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LESSON 8 Mycological Procedures.

TEXT ASSIGNMENT Paragraphs 8-1 through 8-12.

TASK OBJECTIVES After completing this lesson, you should be able to:

8-1. Identify the characteristics of procedures
used to process specimens for mycological

8-2. Select the statement that correctly describes
principles guiding application of specific
methods of identifying mycological organisms.

8-3. Select the statement that describes procedures
for specific methods of identifying mycological

8-4. Select the statement that describes
interpretation of specific procedures for
identifying mycological organisms.

SUGGESTION After completing the assignment, complete the
exercises of the end this lesson. These exercises will
help you to achieve the lesson objectives.

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Accuracy of results obtained from mycological studies in a clinical laboratory
depends on the correct application of procedures for processing specimens and
identifying organisms. To apply these procedures properly, a laboratory specialist must
understand the scientific principles on which those procedures are based.


a. Principle. Potassium hydroxide (KOH) serves as a clearing agent for
observation of fungal elements in clinical specimens. The addition of 10 percent
glycerol decreases precipitation of KOH in reagent bottles and allows the KOH
preparation to be kept for 18 hours or longer.

b. Reagents. See Lesson 9.

c. Procedure.

(1) Place a drop of KOH in the center of a clean, glass, and microscope

(2) Place a fragment of the tissue, purulent material, or scrapings in the
KOH, and tease apart with teasing needles to produce a thin KOH preparation.

(3) Cover preparation with a cover slip, gently heat the slide by passing it
through a bunsen burner flame several times.

NOTE: Use caution to ensure you do not overheat the slide

(4) Examine the preparation using the low power (10x) objective of the
microscope. Use high dry (45/47x) objective to confirm observations.

d. Interpretation.


(2) If any fungal elements are seen, report as "Positive for (insert the
structure/element identified). Example--"Positive for true hyphae."

(3) If no fungal elements are seen, report as "No fungal elements seen.

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a. Principle. The capsule on yeast cells will repel the carbon particles in India
ink that results in a clear, capsular "halo" around cells.

b. Reagents. India ink used for this procedure is available from many
commercial sources and can usually be obtained wherever art or drawing supplies are
sold. For routine use, dilute the commercial item with water, 2:1. Commercially
prepared ink capsules are also available.

NOTE: India ink is easily contaminated with bacteria, yeast, or fungal spores. The
reagent should be checked periodically for these cells by preparing a mount
without adding specimen.

c. Procedure.

(1) Place two or three loopfuls (one small drop) of diluted India ink in the
center of a clean, glass slide.

(2) Add a drop of the specimen to be studied (body fluids, urine, and so
forth). Tissue should be homogenized before using. Only a small portion should be
used if working with an unknown yeast colony.

(3) Mix well. Preparation should be brownish, not black, in color. It may be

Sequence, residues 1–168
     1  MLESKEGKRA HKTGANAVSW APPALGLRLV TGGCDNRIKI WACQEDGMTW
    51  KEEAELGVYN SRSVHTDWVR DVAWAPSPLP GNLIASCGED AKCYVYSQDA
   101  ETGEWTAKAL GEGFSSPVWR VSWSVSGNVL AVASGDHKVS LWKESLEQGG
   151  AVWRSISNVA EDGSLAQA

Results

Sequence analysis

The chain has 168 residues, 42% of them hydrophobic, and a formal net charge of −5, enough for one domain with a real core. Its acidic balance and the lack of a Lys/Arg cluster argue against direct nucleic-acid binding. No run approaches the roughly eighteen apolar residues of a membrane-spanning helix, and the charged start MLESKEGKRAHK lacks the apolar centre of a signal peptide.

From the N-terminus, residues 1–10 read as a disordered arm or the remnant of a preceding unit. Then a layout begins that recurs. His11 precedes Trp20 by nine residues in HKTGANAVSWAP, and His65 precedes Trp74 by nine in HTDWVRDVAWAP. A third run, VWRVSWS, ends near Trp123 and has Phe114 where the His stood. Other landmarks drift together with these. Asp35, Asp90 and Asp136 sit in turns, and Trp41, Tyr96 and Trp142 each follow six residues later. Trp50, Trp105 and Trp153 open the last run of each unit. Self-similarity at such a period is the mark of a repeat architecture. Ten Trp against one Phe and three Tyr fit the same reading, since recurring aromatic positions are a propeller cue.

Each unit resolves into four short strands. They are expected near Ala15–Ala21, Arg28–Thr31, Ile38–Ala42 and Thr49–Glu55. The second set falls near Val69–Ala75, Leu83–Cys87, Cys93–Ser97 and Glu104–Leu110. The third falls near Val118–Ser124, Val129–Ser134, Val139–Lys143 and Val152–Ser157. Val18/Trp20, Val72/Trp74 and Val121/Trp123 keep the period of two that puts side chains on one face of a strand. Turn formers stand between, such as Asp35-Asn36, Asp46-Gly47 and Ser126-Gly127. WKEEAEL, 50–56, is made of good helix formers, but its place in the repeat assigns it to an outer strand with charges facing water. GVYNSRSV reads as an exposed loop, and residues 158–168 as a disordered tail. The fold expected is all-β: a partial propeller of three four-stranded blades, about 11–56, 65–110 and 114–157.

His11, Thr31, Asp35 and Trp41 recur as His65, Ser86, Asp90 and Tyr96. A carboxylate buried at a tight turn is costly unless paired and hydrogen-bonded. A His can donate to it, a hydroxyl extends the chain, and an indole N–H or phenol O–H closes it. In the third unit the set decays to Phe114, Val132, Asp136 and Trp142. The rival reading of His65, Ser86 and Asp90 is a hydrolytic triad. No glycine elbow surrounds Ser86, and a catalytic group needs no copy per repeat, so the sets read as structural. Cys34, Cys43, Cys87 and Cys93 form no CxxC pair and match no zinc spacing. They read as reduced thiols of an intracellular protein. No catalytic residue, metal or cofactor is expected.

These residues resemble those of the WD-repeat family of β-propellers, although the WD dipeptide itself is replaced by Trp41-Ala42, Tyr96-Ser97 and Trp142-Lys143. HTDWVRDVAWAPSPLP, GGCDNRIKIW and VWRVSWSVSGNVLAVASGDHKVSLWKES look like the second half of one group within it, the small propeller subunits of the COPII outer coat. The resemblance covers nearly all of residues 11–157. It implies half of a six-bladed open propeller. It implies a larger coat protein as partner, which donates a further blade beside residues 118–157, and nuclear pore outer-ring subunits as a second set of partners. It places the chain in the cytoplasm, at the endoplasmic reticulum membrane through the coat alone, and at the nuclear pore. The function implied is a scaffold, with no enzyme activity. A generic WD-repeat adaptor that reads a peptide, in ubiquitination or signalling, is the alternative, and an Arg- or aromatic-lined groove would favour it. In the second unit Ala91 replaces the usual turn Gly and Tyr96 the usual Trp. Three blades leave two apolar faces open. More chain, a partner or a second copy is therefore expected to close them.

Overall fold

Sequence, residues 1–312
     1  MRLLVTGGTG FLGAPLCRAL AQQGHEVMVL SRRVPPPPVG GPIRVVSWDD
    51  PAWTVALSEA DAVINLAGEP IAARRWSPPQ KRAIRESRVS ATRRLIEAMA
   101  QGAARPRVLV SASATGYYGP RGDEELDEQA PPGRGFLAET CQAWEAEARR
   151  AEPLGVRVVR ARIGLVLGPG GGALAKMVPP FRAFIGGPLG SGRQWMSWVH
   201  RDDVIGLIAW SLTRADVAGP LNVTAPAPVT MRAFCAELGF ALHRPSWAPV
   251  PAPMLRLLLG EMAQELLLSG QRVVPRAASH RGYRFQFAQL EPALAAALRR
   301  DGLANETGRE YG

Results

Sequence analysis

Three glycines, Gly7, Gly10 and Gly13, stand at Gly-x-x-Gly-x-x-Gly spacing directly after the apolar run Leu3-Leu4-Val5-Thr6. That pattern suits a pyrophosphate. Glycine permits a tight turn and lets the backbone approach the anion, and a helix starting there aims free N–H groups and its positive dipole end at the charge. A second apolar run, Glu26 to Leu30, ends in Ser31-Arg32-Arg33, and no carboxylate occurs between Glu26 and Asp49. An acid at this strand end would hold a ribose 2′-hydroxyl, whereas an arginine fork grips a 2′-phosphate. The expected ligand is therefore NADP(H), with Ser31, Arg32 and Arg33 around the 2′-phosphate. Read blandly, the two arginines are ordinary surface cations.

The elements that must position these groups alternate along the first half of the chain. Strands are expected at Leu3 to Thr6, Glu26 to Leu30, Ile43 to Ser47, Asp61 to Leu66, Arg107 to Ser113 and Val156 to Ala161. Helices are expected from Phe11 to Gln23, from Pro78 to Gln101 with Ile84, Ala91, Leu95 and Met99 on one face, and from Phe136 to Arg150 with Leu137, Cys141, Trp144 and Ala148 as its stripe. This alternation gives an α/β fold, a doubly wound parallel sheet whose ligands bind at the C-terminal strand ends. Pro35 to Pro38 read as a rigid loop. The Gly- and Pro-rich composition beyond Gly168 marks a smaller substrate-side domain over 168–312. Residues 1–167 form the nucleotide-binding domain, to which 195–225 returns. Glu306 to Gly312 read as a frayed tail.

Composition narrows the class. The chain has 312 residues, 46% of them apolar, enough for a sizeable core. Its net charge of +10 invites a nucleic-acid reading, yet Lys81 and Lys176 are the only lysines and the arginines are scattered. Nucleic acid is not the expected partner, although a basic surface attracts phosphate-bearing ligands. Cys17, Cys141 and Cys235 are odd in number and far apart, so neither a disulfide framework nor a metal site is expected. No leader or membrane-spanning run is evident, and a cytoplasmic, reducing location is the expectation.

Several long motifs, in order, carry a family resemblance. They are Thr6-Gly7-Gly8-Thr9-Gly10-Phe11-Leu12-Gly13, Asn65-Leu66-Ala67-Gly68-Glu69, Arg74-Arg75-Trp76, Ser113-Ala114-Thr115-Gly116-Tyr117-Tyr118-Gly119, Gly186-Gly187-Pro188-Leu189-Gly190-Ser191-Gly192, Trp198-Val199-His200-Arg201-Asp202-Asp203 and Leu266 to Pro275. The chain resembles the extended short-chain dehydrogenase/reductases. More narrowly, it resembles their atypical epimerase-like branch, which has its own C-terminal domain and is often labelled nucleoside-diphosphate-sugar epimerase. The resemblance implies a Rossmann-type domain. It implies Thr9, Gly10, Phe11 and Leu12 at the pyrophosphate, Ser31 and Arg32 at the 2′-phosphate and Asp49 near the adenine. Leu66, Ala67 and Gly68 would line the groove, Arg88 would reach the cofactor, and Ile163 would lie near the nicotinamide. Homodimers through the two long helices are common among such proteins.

diluted with sterile distilled water, if necessary, and should be covered with a cover slip.

(4) Examine the preparation using the low power (10x) objective of a
microscope. Use high dry (45/47x) objective to confirm observations.

d. Interpretation. Presence of budding yeast cells with a clear halo is indicative
of capsular material and considered a POSITIVE preparation. If no yeast cells are
observed or cells without the halo are observed, a NEGATIVE report may be submitted.

NOTE: When encapsulated yeasts are observed in a preparation of spinal fluid in
India ink, Cryptococcus neoformans may be suspected. Cultural confirmation
is required before the agent can be positively identified, because
encapsulated yeasts other than c. neoformans may be seen in specimen


a. Principles. Cotton blue (China blue) stains chitin and cellulose. Since cell
walls of fungi are primarily chitin, this stain is an excellent choice for observing fungi in
clinical specimens.

b. Reagents. See Lesson 9.

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c. Procedure.

(1) Place a small drop of lactophenol cotton blue (LPCB) in the center of a
clean glass slide. The slide should be placed on a light box or sheet of white paper for
easier manipulation.

(2) Remove a fragment of fungus culture with a teasing needle and place in
the LPCB.

NOTE: Since a colony grows from the center outwards, it is usually advisable to take
the specimen from an area 4-5 mm from the edge. This area should show
characteristic structures required to identify the organism properly. The
center, being the oldest section of the culture, usually shows an abundance of
sterile hyphae, while the periphery will not have aged sufficiently to produce
any characteristic structures. If identifiable structures are not seen in this
area (4-5 mm from the edge), use a fragment 8-10 mm from the outer edge
and repeat the procedure. If characteristic structures are still not evident, the
colony may be too young, or the particular organism may not sporulate on
that medium. If only sterile hyphae are seen, reincubate the culture.

(3) After removing residual carbon from the teasing loops with steel wool or
a towel (after flaming), gently tease apart.

(4) Gently lower a cover slip onto the preparation. Heat from the